For the thousands of Ethiopian migrants abroad, they have neither home nor country. Abandoned by their government they are homeless, vulnerable and alone; they make easy prey for criminals: the traffickers and the gangs of rapists, kidnappers, jihadists and thugs who patrol the pathways along which the migrants walk.

To the untrained eye, the economy of Ethiopia appears to be developing, and the country gives the appearance of stability in a region of almost total instability. But this is a misleading image of development and hides deep-seated inequalities, endemic corruption, widespread bitterness and simmering fury towards the ruling party. Ethiopia remains one of the poorest countries in the world: it is ranked 173rd out of 187 countries in the UN human development index, and unprecedented numbers of its citizens are migrating in search of opportunity and freedom.

They travel north to Egypt and Libya – hoping to make it to Europe; south to Kenya and South Africa; east to Yemen, where some stay, others continue to try to crawl into Saudi Arabia. Many head to the other Gulf states, Lebanon, Kuwait, United Arab Emirates; countries with virtually no domestic labour laws, endemic racism and sexism, where naïve, uneducated young girls from rural Ethiopia enter into contracts (the Kafala system) with employers that trap them into domestic servitude, and, for many, sexual and psychological torture. Over two thirds make the journey out of the country illegally, entrusting their lives to human traffickers.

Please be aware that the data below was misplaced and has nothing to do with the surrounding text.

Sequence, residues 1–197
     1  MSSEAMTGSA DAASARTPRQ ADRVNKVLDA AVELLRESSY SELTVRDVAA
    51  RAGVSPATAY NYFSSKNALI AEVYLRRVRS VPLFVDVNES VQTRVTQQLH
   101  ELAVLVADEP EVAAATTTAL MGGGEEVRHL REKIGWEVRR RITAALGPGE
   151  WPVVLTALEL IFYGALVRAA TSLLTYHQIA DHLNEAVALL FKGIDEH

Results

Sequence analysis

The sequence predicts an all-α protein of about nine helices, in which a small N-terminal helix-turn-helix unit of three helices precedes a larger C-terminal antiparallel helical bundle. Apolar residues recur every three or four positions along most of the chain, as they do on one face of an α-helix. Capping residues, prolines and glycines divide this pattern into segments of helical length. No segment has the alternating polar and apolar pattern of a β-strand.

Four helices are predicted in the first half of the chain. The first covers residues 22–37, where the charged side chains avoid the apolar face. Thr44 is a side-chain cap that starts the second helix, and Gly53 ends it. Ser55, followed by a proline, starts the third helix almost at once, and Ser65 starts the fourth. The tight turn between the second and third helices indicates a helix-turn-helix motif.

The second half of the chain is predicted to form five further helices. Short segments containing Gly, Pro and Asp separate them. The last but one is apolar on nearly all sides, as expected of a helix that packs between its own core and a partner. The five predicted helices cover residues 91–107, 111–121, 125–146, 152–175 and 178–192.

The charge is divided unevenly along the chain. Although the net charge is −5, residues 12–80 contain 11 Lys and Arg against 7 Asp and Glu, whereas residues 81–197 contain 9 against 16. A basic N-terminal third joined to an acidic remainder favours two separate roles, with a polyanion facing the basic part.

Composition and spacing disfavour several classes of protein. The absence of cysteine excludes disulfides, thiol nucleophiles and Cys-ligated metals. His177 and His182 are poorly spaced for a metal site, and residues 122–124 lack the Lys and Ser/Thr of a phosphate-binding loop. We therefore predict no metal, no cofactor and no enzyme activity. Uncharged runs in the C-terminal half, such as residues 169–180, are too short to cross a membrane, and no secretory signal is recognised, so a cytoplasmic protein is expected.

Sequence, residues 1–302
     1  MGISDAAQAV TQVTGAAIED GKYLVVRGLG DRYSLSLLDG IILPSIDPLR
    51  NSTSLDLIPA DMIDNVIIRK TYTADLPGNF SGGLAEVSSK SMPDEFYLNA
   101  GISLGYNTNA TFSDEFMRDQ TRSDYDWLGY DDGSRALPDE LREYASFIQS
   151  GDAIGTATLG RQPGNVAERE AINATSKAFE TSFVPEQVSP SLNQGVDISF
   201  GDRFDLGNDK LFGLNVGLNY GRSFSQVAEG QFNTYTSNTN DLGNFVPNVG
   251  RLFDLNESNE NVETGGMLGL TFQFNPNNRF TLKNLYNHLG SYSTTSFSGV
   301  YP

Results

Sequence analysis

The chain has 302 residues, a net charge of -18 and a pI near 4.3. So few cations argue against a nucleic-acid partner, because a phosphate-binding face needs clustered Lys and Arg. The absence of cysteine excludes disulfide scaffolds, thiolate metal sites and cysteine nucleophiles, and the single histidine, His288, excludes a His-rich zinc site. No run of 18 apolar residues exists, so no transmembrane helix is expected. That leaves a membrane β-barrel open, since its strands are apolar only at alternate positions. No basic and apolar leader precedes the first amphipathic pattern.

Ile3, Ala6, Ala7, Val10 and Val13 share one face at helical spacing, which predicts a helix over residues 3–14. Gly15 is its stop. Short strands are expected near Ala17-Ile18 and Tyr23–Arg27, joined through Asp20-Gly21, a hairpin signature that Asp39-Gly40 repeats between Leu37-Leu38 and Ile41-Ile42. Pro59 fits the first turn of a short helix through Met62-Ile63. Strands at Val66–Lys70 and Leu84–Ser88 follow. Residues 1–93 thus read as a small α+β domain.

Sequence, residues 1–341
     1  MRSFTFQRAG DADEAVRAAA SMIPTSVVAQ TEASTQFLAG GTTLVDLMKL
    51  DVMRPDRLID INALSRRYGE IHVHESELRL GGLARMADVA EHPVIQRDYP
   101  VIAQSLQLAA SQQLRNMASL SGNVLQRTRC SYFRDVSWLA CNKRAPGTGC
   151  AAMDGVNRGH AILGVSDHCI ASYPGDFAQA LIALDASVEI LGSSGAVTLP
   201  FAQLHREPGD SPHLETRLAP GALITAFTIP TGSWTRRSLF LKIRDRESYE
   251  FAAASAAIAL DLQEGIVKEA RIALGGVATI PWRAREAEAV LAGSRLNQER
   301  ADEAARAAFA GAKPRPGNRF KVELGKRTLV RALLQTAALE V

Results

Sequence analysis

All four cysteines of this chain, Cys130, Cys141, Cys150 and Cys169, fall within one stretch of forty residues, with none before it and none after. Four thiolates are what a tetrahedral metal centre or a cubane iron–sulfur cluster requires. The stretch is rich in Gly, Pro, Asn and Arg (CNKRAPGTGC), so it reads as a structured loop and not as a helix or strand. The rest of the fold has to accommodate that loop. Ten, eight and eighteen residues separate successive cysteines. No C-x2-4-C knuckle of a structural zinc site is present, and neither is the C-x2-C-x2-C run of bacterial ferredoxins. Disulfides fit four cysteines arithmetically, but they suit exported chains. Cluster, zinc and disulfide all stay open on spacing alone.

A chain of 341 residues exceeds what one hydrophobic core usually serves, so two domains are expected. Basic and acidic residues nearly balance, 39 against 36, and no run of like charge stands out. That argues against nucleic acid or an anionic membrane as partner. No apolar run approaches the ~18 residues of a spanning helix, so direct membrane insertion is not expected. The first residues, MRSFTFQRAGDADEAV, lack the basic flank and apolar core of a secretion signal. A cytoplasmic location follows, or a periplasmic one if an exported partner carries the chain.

They migrate for one of two reasons, economical or political, or should we say humanitarian, for it is the violations of their basic human rights that drive many from their homeland.

Many see no way to build a decent life for themselves and their families: others, particularly journalists and political activists see no hope of freedom from tyranny and are persecuted by the security forces for holding views that differ from the government. For them Libya, Yemen or the Mediterranean are no more dangerous than Ethiopia, Islamic state no greater a threat than the police or military, and so they too step onto the migrant road of uncertainty, in search of a new home in a more peaceful place; a place where there are economic opportunities, better education, and where democracy, justice and freedom exist. All of which, despite the duplicitous, political rhetoric from the EPRDF government, are totally absent in Ethiopia.

The regime systematically violates fundamental human rights, silences all dissenting voices and rules the country in a suppressive violent fashion which is causing untold suffering to millions of people. The upcoming May election, contrary to US Under Secretary of State Wendy Sherman’s ignorant, misjudged and widely criticised comments (that “Ethiopia is a democracy that is moving forward in an election that we expect to be free, fair and credible and open and inclusive”), is a hollow piece of democratic theatre; a total sham, with no credibility whatsoever. The result, as everyone in the country and amongst the diaspora knows, is a forgone conclusion.